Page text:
Sukru Abay, 61. The banner shows images of political prisoners who died in Diyarbakir Military Prison and reads, "We love a life with honor even to die for it". REUTERS/Umit Bektas

Sukru Abay, 61. The banner shows images of political prisoners who died in Diyarbakir Military Prison and reads, "We love a life with honor even to die for it". REUTERS/Umit Bektas
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Erdogan, who has invested huge political capital in the process, is pushing through cultural reforms aimed at improving the lot of Turkey's long-suppressed Kurds, roughly 20 percent of its 78 million population. REUTERS/Umit Bektas

Erdogan, who has invested huge political capital in the process, is pushing through cultural reforms aimed at improving the lot of Turkey's long-suppressed Kurds, roughly 20 percent of its 78 million population. REUTERS/Umit Bektas

Erdogan, who has invested huge political capital in the process, is pushing through cultural reforms aimed at improving the lot of Turkey's long-suppressed Kurds, roughly 20 percent of its 78 million population. REUTERS/Umit Bektas
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Habibe Altan, 59. "The people are losing patience and if nothing happens in a few months, hope will be completely uprooted," said Habibe Altan, 59, whose village was one of thousands destroyed during the conflict. Her son later died fighting for the PKK. "We are the ones who have been crushed. So many sacrificed their lives. Such struggle must not go to waste," she said in the city of Diyarbakir, where supporters of the pro-Kurdish HDP opposition declare an utter lack of confidence in the president. REUTERS/Umit Bektas

Habibe Altan, 59. "The people are losing patience and if nothing happens in a few months, hope will be completely uprooted," said Habibe Altan, 59, whose village was one of thousands destroyed during the conflict. Her son later died fighting for the...more

Habibe Altan, 59. "The people are losing patience and if nothing happens in a few months, hope will be completely uprooted," said Habibe Altan, 59, whose village was one of thousands destroyed during the conflict. Her son later died fighting for the PKK. "We are the ones who have been crushed. So many sacrificed their lives. Such struggle must not go to waste," she said in the city of Diyarbakir, where supporters of the pro-Kurdish HDP opposition declare an utter lack of confidence in the president. REUTERS/Umit Bektas
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A Kurdish couple. On the surface talks appear to be advancing rapidly. Ocalan called at the weekend for a PKK congress to end an insurgency which he described as "unsustainable". But the process' vulnerability was illustrated on Wednesday by a clash between the military and the PKK near the Iraqi border, a rare violation of a two-year ceasefire. REUTERS/Umit Bektas

A Kurdish couple. On the surface talks appear to be advancing rapidly. Ocalan called at the weekend for a PKK congress to end an insurgency which he described as "unsustainable". But the process' vulnerability was illustrated on Wednesday by a clash...more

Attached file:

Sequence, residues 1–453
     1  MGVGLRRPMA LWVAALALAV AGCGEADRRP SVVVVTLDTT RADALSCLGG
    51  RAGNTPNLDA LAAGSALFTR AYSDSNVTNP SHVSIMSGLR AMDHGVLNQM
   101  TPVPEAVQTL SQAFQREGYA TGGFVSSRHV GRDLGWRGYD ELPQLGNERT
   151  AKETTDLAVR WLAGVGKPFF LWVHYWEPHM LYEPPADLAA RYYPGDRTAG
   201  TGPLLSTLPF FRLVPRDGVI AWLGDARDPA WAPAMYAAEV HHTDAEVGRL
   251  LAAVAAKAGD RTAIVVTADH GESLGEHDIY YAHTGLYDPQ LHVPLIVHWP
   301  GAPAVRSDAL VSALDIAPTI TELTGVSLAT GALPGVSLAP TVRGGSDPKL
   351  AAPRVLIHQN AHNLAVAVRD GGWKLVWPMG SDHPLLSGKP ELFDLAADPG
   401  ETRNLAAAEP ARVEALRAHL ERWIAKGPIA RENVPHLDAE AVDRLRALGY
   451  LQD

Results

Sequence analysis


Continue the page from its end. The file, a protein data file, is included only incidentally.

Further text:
A Kurdish couple. On the surface talks appear to be advancing rapidly. Ocalan called at the weekend for a PKK congress to end an insurgency which he described as "unsustainable". But the process' vulnerability was illustrated on Wednesday by a clash between the military and the PKK near the Iraqi border, a rare violation of a two-year ceasefire. REUTERS/Umit Bektas
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Sedat Ozkul, 44. "He has shown great courage in starting the process, putting his body and soul into it," Ozkul said of Erdogan. Ozkul hopes to be an AKP candidate in the June election and suspicious of the PKK commanders who live in the Qandil mountains of northern Iraq. "The problem is the sincerity of Qandil and the HDP (opposition party). The ball is in their court. They must prove their sincerity." REUTERS/Umit Bektas

Sedat Ozkul, 44. "He has shown great courage in starting the process, putting his body and soul into it," Ozkul said of Erdogan. Ozkul hopes to be an AKP candidate in the June election and suspicious of the PKK commanders who live in the Qandil...more

Sedat Ozkul, 44. "He has shown great courage in starting the process, putting his body and soul into it," Ozkul said of Erdogan. Ozkul hopes to be an AKP candidate in the June election and suspicious of the PKK commanders who live in the Qandil mountains of northern Iraq. "The problem is the sincerity of Qandil and the HDP (opposition party). The ball is in their court. They must prove their sincerity." REUTERS/Umit Bektas
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The peace process has been complicated by the conflict in Iraq and Syria, where the PKK has carved out a role fighting Islamic State (IS) militants, despite being considered a terrorist group by Turkey, the United States and EU. Kurds believe the Turkish state aided IS fighters besieging the Syrian Kurdish town of Kobani last autumn, triggering unrest which killed dozens of people in Turkey. REUTERS/Umit Bektas

The peace process has been complicated by the conflict in Iraq and Syria, where the PKK has carved out a role fighting Islamic State (IS) militants, despite being considered a terrorist group by Turkey, the United States and EU. Kurds believe the...more